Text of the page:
Highly respected LaCava takes turn in interview room
For the second straight day, the Orioles conducted a lengthy interview with a well-respected front office official in hopes of replacing president of baseball operations Andy MacPhail, who stepped down this month.
On Wednesday, it was Toronto Blue Jays assistant general manager and director of player personnel Tony LaCava. It came on the heels of Tuesday's marathon meeting with Arizona Diamondbacks senior vice president of scouting and player development Jerry Dipoto.
Dipoto, who also is expected to interview with the Los Angeles Angels for their vacant GM job, is considered the favorite for the Orioles' post, but LaCava is also highly regarded. The Orioles originally planned to interview at least four candidates, but their request to talk to Florida Marlins assistant GM Dan Jennings is expected to be denied.
Most others who have been bandied about as candidates — including Los Angeles Dodgers assistant GMs De Jon Watson and Logan White and New York Mets special assistant J.P. Ricciardi — had not been contacted by the Orioles as of Wednesday, according to industry sources.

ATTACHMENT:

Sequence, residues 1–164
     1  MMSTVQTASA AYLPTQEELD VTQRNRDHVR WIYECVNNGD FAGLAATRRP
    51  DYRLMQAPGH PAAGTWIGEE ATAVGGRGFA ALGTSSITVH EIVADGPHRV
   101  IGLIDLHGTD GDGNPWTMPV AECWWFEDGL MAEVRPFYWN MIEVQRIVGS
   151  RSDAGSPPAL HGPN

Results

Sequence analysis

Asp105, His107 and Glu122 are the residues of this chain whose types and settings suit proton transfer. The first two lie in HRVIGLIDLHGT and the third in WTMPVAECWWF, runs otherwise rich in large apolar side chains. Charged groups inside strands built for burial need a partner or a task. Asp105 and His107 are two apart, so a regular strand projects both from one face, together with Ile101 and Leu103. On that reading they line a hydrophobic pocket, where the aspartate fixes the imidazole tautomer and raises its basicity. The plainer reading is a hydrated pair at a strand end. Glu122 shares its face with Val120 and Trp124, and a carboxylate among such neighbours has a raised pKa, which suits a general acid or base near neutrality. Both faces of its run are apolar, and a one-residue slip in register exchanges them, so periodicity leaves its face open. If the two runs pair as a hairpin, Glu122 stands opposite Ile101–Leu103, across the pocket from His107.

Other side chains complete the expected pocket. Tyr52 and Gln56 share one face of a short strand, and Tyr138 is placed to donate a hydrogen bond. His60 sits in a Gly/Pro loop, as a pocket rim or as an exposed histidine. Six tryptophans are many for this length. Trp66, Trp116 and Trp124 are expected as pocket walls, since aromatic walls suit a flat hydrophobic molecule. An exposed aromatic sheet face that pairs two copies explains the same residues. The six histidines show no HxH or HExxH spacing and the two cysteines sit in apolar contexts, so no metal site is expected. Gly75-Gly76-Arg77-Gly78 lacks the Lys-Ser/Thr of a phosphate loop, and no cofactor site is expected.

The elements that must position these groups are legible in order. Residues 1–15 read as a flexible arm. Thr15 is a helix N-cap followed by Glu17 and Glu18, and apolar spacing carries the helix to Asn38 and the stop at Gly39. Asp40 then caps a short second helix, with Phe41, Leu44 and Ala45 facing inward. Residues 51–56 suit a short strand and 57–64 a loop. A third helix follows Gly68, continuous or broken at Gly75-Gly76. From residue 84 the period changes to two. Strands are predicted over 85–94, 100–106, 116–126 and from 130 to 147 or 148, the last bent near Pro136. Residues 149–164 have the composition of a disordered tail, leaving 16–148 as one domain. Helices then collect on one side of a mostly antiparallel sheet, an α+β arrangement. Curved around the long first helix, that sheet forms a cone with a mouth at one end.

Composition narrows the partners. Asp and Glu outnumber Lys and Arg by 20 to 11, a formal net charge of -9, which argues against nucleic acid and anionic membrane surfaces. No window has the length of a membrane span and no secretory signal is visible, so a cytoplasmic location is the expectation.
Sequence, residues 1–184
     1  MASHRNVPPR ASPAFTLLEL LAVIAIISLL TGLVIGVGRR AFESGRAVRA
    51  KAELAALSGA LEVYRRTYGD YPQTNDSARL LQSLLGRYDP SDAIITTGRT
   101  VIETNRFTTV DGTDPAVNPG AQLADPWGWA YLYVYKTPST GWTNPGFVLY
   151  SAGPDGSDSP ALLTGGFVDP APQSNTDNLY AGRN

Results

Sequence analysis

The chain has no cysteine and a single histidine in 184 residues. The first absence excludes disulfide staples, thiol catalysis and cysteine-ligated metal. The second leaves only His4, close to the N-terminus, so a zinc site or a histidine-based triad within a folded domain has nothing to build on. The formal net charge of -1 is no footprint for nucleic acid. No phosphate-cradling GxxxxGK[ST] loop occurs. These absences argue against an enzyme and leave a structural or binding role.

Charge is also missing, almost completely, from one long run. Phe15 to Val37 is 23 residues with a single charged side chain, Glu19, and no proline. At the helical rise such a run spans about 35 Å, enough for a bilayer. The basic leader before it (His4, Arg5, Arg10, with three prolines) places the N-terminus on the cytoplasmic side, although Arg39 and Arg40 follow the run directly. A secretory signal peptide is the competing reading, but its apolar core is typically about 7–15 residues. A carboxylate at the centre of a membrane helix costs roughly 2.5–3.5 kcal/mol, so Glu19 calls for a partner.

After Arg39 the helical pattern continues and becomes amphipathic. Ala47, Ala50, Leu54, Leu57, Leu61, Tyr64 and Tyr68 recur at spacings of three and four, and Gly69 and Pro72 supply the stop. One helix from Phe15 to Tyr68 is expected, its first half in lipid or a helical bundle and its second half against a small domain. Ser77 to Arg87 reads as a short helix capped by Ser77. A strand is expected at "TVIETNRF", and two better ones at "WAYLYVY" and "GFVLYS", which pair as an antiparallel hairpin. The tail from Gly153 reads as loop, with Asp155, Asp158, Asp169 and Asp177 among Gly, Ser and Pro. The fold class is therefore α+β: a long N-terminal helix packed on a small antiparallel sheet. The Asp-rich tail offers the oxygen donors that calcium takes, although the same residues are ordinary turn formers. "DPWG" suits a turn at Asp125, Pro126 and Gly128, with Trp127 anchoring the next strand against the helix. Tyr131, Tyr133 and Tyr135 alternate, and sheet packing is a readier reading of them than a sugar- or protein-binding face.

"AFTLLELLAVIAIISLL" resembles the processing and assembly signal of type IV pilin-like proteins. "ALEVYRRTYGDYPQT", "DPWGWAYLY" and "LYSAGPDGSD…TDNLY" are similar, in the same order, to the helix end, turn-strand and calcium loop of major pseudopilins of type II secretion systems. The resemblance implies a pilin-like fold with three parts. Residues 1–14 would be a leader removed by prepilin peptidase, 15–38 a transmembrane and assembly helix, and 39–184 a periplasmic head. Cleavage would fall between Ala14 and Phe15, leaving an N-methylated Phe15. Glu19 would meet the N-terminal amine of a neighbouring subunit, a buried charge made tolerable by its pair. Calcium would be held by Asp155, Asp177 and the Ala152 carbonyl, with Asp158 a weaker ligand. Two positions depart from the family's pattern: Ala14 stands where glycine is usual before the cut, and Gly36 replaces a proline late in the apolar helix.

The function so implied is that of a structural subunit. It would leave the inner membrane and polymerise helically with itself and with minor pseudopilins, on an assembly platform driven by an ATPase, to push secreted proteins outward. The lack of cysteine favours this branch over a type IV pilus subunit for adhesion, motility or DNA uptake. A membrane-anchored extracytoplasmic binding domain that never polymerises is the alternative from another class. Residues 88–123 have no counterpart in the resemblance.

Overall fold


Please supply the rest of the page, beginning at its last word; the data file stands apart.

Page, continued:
That leaves Dipoto and LaCava, although one industry source said it would be surprising if it were only those two to interview.
LaCava, 50, is a longtime scout and baseball lifer who has been considered a potential GM for years, having been rumored, in the past, to be joining the Pittsburgh Pirates, Seattle Mariners and Washington Nationals, among others.
He has instead remained in Toronto for nearly a decade, creating a reputation for having a keen eye for talent at the big league level and in the international and amateur ranks.
A Pittsburgh native, LaCava spent 10 years as a scout in the Angels' system and also worked for the Atlanta Braves, Montreal Expos and Cleveland Indians before joining the Blue Jays nine years ago.
Along with the assistant GM title, he is considered the director of player personnel. But within the game, he receives the most credit for the Blue Jays' strong international program, which has helped the organization create one of the top farm systems in baseball.
It's an area where the Orioles feel he could help improve them.
A former minor league infielder, LaCava also stands out among many peers because he embraces advanced statistical analysis and has used those metrics to formulate opinions on players. Yet he also has 20-plus years of scouting to draw from — a combination somewhat rare in today's game, in which scouting and statistical analysis often comprise separate camps.